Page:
Dealing positively with constraints and limitations

Yulia Eka PUTRIE
Lecturer – Department of Architecture
Faculty of Science and Technology
State Islamic University (UIN) Maulana Malik Ibrahim Malang


From ancient cultures to modern civilizations across the world, we can clearly see traces of creativity in every human-made object. Creativity has taken an important place in the process of creating new objects, or producing new ideas. Creativity also has affected a large part of our daily lives through innovations and inventions in technology, art, science, etc. Therefore, creativity can be considered as a key to the development of our civilization.

Despite the importance of creativity, however, the definition of creativity itself is vague and complex. (Robinson, 2008: 3) There is a lack of agreement about what the term creativity means. Torrance (2008: 3) notes that some definitions are formulated in terms of a product, while others are formulated in terms of a process, a kind of person, or a set of conditions. In general, creativity is often described as an ability to make something uncommon, or something common in an uncommon way.  In other words, creativity is an ability to use imagination to develop new and original ideas, or things, especially in an artistic context (Encarta Dictionaries, 2008). According to Webster’s Dictionary the definition of creativity is artistic or intellectual inventiveness. Creativity is marked by the ability or power to create or bring into existence, to invest with a new form, to produce through imaginative skill, to make or bring into existence something new. (Robinson, 2008: 6) Random House Webster’s College Dictionary, 2nd Edition, even stated that creativity is defined as “the ability to create meaningful new forms, etc.” (Robinson, 2008: 6).

Unfortunately, this lack of adequate definitions of creativity has also affected the ways people apply it. In architecture, the above Random House’s definition of creativity is often (mis)understood as an ability to make certain unusual or distinct shapes and forms of buildings. The more eye-catching and striking a building’s form or shape, the more creative an architect will become, and the more approval will he get from his peers and people in general. This kind of a mindset may lead to an unproductive competition between architects in order to create more and more amazing buildings with the intention of seeking fame or recognition from others. Nowadays, we can easily set our eyes on those kinds of buildings all over the world. They are designed and built with the purpose of advertising and advancing the names of their owners and architects.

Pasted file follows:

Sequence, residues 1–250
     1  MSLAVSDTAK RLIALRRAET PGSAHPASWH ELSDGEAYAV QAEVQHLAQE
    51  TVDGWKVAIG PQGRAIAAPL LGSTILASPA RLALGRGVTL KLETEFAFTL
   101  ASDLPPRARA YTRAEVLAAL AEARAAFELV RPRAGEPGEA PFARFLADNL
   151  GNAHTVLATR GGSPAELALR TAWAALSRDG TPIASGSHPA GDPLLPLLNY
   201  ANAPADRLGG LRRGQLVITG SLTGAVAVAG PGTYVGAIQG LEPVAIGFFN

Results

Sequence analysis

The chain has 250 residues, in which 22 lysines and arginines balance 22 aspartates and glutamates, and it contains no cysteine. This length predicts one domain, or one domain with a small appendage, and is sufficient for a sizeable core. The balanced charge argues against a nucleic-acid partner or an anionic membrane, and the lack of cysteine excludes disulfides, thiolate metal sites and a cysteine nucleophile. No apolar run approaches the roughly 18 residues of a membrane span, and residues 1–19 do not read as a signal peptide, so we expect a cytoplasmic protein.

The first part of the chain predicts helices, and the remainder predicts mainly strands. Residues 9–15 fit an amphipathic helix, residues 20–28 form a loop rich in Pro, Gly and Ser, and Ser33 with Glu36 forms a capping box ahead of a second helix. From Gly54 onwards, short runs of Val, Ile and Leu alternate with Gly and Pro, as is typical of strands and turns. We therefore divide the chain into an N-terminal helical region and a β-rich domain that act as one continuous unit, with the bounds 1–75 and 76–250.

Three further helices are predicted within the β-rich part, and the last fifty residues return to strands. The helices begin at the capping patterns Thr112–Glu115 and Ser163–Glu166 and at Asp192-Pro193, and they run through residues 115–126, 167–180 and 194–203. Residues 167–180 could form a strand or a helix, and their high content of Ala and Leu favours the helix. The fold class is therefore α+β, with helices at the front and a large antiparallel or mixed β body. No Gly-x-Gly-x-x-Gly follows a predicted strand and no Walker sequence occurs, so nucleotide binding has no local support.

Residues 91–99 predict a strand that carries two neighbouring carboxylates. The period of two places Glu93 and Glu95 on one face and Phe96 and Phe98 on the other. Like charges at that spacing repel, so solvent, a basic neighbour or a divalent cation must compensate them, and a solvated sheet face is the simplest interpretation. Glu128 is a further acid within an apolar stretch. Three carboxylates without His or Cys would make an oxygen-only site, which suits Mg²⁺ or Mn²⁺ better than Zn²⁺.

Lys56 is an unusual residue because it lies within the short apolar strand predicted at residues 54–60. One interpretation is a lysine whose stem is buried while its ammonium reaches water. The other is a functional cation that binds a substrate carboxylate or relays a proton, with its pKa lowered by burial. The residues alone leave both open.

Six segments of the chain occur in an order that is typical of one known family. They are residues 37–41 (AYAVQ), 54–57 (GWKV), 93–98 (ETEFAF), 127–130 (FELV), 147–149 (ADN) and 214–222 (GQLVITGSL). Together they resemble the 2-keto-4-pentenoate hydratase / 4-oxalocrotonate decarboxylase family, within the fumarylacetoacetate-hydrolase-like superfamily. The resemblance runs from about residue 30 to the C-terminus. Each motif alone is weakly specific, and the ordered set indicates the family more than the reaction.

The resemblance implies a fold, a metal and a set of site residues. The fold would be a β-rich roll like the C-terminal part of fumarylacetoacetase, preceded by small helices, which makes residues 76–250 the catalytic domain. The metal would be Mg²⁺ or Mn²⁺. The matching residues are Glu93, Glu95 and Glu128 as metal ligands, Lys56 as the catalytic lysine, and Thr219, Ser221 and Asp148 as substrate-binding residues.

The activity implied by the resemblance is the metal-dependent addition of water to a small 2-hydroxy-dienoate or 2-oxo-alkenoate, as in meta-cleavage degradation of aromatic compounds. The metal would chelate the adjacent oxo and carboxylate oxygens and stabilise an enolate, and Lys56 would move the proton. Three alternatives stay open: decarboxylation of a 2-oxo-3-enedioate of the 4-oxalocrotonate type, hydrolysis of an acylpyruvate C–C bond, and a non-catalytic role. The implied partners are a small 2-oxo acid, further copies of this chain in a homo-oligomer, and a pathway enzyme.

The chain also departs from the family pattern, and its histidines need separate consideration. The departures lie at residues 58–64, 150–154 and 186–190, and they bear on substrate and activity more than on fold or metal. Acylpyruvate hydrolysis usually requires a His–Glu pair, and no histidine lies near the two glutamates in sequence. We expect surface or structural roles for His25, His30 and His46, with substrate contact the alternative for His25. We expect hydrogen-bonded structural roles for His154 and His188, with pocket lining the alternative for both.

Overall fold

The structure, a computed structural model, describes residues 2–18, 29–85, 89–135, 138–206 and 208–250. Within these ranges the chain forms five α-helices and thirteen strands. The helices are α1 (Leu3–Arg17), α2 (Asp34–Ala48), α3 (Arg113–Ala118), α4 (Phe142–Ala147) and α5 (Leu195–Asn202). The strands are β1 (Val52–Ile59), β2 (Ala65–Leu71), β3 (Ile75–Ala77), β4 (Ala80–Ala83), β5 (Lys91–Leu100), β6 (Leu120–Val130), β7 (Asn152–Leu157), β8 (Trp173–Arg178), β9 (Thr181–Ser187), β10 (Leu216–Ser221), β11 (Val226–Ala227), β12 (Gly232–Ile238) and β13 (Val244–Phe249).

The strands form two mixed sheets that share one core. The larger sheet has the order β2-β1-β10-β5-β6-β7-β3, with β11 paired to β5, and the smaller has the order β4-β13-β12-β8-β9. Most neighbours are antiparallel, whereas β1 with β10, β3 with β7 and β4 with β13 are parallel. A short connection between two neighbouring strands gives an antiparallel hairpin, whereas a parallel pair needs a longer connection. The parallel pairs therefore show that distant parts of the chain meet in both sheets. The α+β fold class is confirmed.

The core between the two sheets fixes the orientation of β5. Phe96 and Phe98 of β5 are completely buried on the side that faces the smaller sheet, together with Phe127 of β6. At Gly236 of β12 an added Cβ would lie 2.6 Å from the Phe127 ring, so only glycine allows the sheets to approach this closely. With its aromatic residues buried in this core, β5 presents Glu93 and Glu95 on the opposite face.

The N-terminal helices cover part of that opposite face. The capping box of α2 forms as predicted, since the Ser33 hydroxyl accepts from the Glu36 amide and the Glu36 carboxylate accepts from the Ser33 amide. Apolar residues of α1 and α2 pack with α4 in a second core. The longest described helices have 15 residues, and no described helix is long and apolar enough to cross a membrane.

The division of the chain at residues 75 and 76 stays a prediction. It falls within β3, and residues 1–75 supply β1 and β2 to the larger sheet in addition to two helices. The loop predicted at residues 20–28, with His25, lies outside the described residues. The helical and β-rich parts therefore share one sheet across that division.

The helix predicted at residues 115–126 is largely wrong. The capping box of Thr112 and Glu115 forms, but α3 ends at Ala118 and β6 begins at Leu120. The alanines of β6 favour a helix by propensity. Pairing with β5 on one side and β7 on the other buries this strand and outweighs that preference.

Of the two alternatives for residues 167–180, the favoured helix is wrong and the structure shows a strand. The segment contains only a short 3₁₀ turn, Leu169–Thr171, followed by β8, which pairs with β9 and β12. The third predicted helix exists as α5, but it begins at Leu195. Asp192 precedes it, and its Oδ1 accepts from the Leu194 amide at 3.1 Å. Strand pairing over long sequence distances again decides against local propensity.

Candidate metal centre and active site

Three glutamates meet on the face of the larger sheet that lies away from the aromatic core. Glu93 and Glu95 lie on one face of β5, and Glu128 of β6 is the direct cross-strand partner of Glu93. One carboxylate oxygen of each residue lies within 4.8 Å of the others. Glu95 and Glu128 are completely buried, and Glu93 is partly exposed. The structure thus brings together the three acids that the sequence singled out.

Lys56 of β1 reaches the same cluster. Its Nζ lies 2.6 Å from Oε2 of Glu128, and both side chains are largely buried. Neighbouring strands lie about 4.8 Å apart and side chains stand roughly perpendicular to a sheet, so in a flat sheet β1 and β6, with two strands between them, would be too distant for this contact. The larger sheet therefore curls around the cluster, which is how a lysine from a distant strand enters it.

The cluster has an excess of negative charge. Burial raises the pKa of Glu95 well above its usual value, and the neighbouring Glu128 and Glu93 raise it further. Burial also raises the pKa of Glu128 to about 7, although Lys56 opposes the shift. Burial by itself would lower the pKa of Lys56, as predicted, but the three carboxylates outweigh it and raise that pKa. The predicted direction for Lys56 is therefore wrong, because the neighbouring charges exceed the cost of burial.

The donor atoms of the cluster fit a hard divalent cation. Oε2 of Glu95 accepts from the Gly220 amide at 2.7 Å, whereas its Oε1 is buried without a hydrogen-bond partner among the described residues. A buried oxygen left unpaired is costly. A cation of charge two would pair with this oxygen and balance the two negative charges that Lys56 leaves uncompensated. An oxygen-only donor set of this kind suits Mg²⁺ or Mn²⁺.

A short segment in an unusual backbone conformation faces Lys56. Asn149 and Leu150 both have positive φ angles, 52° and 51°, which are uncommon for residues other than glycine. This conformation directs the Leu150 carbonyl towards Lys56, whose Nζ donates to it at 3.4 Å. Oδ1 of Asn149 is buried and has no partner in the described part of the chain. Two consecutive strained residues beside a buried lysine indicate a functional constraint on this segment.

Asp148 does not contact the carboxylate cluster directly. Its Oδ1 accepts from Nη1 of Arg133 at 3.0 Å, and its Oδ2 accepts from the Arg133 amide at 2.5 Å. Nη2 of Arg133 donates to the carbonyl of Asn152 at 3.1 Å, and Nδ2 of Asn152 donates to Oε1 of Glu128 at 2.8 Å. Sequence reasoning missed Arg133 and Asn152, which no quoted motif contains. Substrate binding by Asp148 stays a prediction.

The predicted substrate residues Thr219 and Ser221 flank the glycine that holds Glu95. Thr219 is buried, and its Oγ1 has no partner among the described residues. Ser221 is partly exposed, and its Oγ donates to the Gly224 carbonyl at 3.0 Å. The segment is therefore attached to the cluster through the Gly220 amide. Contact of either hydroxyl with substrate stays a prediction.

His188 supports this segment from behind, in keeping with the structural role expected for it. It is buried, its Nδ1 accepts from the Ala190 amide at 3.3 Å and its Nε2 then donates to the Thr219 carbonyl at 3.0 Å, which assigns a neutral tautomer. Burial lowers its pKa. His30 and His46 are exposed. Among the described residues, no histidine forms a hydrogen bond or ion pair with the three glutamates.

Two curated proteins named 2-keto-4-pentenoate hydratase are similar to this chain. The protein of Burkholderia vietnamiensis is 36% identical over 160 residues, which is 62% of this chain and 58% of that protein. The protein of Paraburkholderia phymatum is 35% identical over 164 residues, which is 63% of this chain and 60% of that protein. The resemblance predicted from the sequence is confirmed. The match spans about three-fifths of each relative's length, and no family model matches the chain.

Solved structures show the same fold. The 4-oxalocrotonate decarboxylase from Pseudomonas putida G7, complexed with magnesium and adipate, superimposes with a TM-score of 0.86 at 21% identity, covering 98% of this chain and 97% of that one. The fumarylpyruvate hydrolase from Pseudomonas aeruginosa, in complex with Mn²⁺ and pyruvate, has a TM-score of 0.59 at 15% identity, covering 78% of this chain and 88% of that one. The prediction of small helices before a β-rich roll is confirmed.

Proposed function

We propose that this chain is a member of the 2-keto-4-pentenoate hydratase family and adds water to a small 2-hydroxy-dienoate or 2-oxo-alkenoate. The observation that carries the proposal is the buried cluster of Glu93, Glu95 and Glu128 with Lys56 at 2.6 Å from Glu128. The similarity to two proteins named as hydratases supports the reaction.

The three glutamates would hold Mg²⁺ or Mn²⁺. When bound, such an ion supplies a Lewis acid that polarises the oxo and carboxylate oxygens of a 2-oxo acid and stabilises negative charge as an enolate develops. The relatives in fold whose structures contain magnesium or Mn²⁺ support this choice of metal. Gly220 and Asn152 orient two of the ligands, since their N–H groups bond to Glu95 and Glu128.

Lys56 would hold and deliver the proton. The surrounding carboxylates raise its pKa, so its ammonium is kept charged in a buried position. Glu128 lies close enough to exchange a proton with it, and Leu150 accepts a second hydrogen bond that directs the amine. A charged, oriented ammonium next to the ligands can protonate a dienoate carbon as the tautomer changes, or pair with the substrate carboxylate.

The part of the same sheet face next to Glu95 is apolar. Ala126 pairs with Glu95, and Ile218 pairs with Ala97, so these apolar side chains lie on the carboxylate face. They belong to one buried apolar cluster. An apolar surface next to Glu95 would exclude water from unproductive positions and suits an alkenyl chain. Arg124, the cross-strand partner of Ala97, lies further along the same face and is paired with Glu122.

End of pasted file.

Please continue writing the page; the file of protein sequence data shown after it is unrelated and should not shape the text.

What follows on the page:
Furthermore, the definition of creativity as an ability to create meaningful new forms is frequently associated with freedom of expressions. Some architects and artists love to use these phrases to justify their ‘unique’ and eccentric designs. A school of thought in art is thus known and identified by their principle of l’art pour l’art. This principle reflects their disputes on limitations, whether by law, morality, religion, or anything else outside art itself, in their creativity process. Faisal Ismael (1996: 65-66), for example, mentioned in his book, Paradigma Kebudayaan Islam, that one of the effects of  correlating art and religion is  the limitation of freedom and creativity in art itself. This statement indicates that there are certain ways of thinking that consider constraints as an impediment for creativity.